‘Ramzan Saved My Life’: Pak Journo Gul Bukhari On Her Kidnapping
Ever since my brief abduction on 5 June 2018, I have been dogged by questions like, ‘why were you abducted’, ‘why were you released’ and ‘why were you let go so quickly’.
To be honest, only my abductors would have the definitive answers to these questions. But while everyone seems to know who my abductors were, they don’t shoot these questions at them. But they keep asking me, as if I ought to know all the answers. I find it all quite funny, and also quite sad – that no one dares question the criminals.
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Why I Was Released Early By My Kidnappers
While the first two questions appear to be rhetorical, because everyone seems to either know or have guessed the answers to them, the third is actually interesting, because it is actually very rare, if not unique, for someone to be returned within four hours of being kidnapped. The usual suspects are never in a hurry to let anyone go, once they have done the deed.
Because of the culture of staying awake till the early hours of the morning during the month of Ramzan, having the Sehri (the meal before daybreak to start the fast), saying Fajr prayers, and then going off to sleep, the whole of Pakistan was awake at the time I was picked up.
Time Is Of the Essence
News broke within 10-15 minutes on Twitter, from where it spread like wildfire into people’s homes via WhatsApp groups, Facebook, and other social media platforms, followed quickly by local and international electronic and digital media. By 2 AM, every major international publication had published the news, and condemnations and calls for my immediate release were pouring in.
The pressure the entire world brought down immediately, within minutes and hours of the crime, was perhaps a unique factor in my early release.
Compare this with other, typical cases of abductions. It normally takes the victims’ families several hours, if not a day, to figure out they have actually been abducted. Then slowly, social media becomes active, and rights groups decide to hold protests the following weekend. By which time the victim has been either badly tortured or killed. Once torture has taken place, the perpetrators are unwilling to let the victim go quickly. Instead they give the victims medical attention to erase or reduce outward signs of torture, and it takes weeks or months for people to be set free, if they haven’t been killed already.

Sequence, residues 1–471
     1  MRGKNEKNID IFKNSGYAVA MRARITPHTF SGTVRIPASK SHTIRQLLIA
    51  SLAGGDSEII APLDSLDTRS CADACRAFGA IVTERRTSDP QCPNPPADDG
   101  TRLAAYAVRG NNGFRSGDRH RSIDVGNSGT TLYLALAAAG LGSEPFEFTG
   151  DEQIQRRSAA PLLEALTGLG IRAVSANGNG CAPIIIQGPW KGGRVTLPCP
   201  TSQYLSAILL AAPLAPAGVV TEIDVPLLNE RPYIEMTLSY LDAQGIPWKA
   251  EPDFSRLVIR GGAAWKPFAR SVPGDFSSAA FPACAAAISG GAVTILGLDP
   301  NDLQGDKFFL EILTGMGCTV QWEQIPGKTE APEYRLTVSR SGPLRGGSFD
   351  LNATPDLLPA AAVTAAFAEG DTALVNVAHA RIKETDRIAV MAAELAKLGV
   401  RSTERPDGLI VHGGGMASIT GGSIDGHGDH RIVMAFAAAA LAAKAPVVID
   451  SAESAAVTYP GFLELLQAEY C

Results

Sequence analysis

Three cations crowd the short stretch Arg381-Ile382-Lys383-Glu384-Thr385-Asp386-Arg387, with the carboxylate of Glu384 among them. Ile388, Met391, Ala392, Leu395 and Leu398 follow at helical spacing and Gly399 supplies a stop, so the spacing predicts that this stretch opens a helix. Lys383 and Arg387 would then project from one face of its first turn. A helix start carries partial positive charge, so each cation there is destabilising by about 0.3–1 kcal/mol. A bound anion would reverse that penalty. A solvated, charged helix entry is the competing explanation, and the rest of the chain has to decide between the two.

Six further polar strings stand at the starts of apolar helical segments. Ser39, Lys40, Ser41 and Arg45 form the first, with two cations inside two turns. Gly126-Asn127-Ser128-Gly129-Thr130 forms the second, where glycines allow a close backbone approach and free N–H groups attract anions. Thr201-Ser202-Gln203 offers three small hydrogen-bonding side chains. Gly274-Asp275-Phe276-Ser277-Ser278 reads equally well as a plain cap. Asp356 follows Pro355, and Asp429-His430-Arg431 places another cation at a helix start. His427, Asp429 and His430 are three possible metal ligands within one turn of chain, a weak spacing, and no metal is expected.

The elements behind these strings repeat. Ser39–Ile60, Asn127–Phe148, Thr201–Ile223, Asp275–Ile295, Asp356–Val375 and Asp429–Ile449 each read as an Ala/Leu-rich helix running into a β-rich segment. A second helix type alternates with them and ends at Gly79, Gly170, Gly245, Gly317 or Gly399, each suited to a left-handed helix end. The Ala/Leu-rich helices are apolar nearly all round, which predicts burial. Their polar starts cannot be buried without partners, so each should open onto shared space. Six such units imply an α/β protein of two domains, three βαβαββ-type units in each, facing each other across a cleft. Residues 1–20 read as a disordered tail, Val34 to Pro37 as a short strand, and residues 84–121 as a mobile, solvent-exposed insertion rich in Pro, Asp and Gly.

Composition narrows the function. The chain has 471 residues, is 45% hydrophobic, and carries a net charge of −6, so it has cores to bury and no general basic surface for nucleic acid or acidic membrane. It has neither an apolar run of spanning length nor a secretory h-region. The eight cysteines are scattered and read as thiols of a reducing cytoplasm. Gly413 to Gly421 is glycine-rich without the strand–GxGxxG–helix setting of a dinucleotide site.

Ramzan Prayers Set Me Free
Had it not been for Ramzan, most people – including my own family – would not have found out till the next day – and the urgency would have been lost on the world. One of the most important lessons to be learnt from my case was the essence of time. Early protest and pressure appear to be one key to the safety of victims.
A personal and overwhelming discovery that goes on to this day is how many people from different walks of life, organisations, politicians, media houses etc were involved in their efforts to recover me in those hours.
This includes followers I didn’t even know personally, leave alone their siblings or parents. I was shocked to find out I had a vast family of well-wishers, who, in their helplessness, were doing what they believed would help: continuous prayers for a woman on a blessed Ramzan night, when God is more likely to answer their prayers.
Families I had never met, came to see me in person in the following weeks, to see me with their own eyes, to hold me, to hug me, to cry on my shoulder – including deeply religious non-Muslim families. Then, after a few days came Eid al Azha, and I received one of the most beautiful Eid messages from a non-Muslim Indian follower: ‘Aap aa gayeen tau hamari Eid ho gayee’.
Love & Prayers From Unexpected Quarters
One extremely funny – and most likely very helpful – thing that many people did as a coordinated campaign, was to begin flooding my DM and WhatsApp with dire messages to my abductors to release me or else – as they knew the kidnappers would have my phone and be reading my messages, apart from of course, messaging them directly. I am as grateful to the international community as to my Pakistani friends, but the range of really endearing, creative, and audacious tactics the Pakistani community resorted to, makes it lovable for me.
One friend told me later, he got anonymous calls to delete his tweets. He responded with, “OK, Sir” and proceeded to switch off his phone and double his tweets from a different device.
The journalist community was on a mission of humanity that night, not just doing a story. Politicians weren’t doing politics – they were saving a life.
There was of course, a web of innovate and creative efforts that contributed to my very early return, which I cannot disclose here – but the month of Ramzan was an interesting one.
(Gul Bukhari is a Pakistani journalist and rights activist. She tweets @GulBukhari. This is a personal blog, and the views expressed are the author’s own. The Quint neither endorses nor is responsible for them.)
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